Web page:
The Citizenist Impasse: Contribution to a Critique of Citizenism

By Alain C:

By “citizenism” we mean an ideology of which the principal traits are 1) the belief in democracy as something capable of opposing capitalism, 2) the project of reinforcing the State (the States) so as to put this politics in place, [and] 3) the citizen as the active basis for this politics. The goal of citizenism is to humanize capitalism, to render it more just, in a certain way to give it a supplemental soul.

If the logic of false consciousness cannot truthfully know itself, the search for the critical truth of the spectacle must also be a true critique. It is necessary for it to struggle practically among the spectacle’s irreconciliable enemies, and to admit being absent where they are absent. These enemies obey the laws of the dominant truth, the point of view that excludes current conditions, that recognizes the abstract will of immediate efficacity, when they hurl themselves towards the compromises of reformism or the communal actions of pseudo-revolutionary debris. Because there the delirium is reconstituted in the very position that claims to combat it. On the contrary, the critique that goes beyond the spectacle must know how to wait.” — Guy Debord, The Society of the Spectacle.[1]

The theses gathered here do not have the pretension of pronouncing the last word on the subject that they treat. They are, rather, an ensemble of tracks, some of which can be followed or deepened, and others can simply be abandoned. If we manage to provide several points of reference (historical, among others) for a critique that still seeks itself, we will have fully attained our goal. We also think that neither this text, nor any other, can — through the sole force of theory — put an end to citizenism.[2] The real critique of citizenism will not be made on paper, but will be the work of a social movement that must inevitably contain this critique. which will not be — far from it — its only merit. Through citizenism, and because citizenism is contained in it, the entire current social order will be put into question. The moment seems good to us to begin this critique. If citizenism has, from its beginning, involved a certain confusion concerning what it really is, today it is constrained by its very success to advance more and more uncovered. In the more or less short term, it must show its true face. This texts aims at anticipating this unmasking, so that at least some people will not be caught up short by it and perhaps will know how to react in the appropriate manner when the time comes.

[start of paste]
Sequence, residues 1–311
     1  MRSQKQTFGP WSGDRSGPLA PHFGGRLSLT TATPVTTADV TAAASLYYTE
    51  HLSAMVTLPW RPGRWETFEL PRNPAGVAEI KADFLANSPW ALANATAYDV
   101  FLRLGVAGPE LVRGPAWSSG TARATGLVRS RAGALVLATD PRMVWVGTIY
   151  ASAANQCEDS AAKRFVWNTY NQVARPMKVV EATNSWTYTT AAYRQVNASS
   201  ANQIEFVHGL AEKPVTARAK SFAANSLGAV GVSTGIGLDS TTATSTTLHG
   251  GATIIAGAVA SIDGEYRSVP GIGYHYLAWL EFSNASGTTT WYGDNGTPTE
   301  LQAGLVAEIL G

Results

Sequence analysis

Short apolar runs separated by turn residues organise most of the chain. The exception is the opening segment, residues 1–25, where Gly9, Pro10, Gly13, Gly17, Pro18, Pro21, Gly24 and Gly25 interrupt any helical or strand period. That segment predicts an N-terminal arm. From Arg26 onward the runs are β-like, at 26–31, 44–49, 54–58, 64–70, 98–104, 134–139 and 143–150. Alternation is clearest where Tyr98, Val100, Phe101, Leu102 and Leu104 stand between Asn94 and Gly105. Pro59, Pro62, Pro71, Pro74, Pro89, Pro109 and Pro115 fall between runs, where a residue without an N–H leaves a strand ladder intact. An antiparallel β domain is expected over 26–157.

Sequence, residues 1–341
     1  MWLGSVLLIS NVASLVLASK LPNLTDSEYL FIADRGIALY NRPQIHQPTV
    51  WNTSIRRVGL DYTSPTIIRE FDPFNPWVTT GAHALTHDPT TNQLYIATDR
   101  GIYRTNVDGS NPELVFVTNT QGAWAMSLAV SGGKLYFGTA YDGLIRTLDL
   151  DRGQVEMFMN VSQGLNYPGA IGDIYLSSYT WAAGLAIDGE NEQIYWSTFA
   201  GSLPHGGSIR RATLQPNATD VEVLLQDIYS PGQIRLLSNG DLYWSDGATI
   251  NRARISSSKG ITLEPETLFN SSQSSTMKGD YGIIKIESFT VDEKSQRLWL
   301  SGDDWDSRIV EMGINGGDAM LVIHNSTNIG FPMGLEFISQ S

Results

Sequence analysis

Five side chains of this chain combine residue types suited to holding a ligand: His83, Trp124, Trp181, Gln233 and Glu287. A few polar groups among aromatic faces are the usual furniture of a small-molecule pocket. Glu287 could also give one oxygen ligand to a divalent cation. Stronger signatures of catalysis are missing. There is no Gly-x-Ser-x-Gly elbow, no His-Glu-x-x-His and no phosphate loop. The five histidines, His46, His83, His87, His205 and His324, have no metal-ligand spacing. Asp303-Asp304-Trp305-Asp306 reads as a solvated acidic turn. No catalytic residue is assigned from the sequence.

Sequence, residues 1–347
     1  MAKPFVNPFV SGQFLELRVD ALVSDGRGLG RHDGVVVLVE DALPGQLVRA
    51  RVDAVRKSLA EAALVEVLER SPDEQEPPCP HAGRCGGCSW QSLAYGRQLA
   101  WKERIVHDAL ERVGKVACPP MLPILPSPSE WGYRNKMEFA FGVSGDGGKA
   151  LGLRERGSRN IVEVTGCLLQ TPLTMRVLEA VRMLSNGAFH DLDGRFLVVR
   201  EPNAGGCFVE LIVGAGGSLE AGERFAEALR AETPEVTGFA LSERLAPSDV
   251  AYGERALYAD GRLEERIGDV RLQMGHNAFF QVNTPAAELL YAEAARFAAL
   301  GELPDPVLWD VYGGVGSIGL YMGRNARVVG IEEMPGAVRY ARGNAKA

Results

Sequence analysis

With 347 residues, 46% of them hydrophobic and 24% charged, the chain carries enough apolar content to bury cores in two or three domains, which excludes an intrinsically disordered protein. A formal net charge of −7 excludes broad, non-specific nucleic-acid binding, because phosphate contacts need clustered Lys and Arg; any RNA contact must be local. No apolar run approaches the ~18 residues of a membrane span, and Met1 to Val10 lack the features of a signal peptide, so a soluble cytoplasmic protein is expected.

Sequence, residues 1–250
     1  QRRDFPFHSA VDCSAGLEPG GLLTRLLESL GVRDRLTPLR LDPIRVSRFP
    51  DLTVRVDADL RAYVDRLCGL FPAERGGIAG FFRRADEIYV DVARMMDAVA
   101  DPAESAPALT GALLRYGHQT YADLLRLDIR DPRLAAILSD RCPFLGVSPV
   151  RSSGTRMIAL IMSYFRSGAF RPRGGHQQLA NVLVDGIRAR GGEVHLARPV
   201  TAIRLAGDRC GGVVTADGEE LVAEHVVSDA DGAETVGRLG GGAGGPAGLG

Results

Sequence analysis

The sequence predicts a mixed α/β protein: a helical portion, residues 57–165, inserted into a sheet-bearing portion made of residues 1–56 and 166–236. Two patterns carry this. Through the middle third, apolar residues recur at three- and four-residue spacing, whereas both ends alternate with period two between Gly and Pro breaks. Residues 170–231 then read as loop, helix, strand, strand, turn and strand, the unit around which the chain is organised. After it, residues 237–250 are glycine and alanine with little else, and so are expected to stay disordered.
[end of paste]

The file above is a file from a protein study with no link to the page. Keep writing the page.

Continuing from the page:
I. Preliminary definition.

Here we will only give a preliminary defintion of citizenism, that is to say, only propose what is the most obvious. The object of this text will be to begin to define it in the most precise fashion.

By “citizenism” we mean an ideology of which the principal traits are 1) the belief in democracy as something capable of opposing capitalism, 2) the project of reinforcing the State (the States) so as to put this politics in place, [and] 3) the citizen as the active basis for this politics.

The goal of citizenism is to humanize capitalism, to render it more just, in a certain way to give it a supplemental soul. Here the class struggle is replaced by the political participation of the citizenry, which not only elects representatives, but constantly acts to put pressure on them so that they apply themselves to what they were elected to do. Naturally, the citizens do not substitute themselves for the public authorities. From time to time, the citizens can practice what Ignacio Ramonet[3] calls “civic disobedience” (not “civil disobedience,” which unfortunately recalls “civil war”) so as to force the public authorities to change their politics.

The juridical status of the “citizen,” understood simply as falling under the jurisdiction of a State, here takes on a positive — even offensive — content. As an adjective, “citizen” in general describes all that is good and generous, careful and aware of one’s responsibilities, and, more generally, “social,” as one used to say. It is in this sense that one can speak of the “citizens’ enterprise,” “citizens’ debate,” “citizens’ cinema,” etc.

This ideology manifests itself across a nebula of associations, unions, press organs and political parties. In France, one has associations such as Attac, the friends of Le Monde Diplomatique, AC!, The Right to Housing, APOC (conscientious objectors), the League of Human Rights, the “Leave the Nuclear” network, etc. Note that the majority of the time, the people who militate at the heart of this movement belong to several associations at the same time. As for the unions, there is the CGT, SUD, the Peasants’ Confederation, UNEF, etc. The political parties are the Trotskyist parties and the Greens. The political parties have a separate status in citizenism, but we will return to this. At the extreme left of citizenism one finds the Anarchist Federation, the CNT and the anti-fascist anarchists who most among put themselves in tow of the citizenist movements so as to add their grains of libertarian salt, but in fact find themselves on the same terrain.